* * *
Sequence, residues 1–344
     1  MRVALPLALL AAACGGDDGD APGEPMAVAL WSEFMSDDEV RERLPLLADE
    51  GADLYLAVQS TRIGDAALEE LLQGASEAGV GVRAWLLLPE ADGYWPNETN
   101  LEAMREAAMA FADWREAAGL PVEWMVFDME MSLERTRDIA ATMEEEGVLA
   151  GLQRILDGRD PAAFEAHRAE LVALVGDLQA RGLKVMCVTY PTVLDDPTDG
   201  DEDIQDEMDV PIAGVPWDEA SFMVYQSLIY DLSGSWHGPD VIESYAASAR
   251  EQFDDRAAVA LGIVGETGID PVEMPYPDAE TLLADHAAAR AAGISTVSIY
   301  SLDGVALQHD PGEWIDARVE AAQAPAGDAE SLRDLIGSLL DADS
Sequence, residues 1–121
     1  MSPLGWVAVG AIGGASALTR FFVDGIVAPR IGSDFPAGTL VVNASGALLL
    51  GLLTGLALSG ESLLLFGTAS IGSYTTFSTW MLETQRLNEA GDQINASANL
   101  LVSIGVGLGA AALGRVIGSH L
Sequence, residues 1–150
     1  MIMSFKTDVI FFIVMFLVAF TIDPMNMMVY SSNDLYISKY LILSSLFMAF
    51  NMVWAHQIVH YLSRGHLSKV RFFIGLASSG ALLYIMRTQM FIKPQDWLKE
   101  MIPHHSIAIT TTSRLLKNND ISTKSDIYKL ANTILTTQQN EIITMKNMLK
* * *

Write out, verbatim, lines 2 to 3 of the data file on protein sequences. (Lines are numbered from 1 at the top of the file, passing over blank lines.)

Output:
     1  MRVALPLALL AAACGGDDGD APGEPMAVAL WSEFMSDDEV RERLPLLADE
    51  GADLYLAVQS TRIGDAALEE LLQGASEAGV GVRAWLLLPE ADGYWPNETN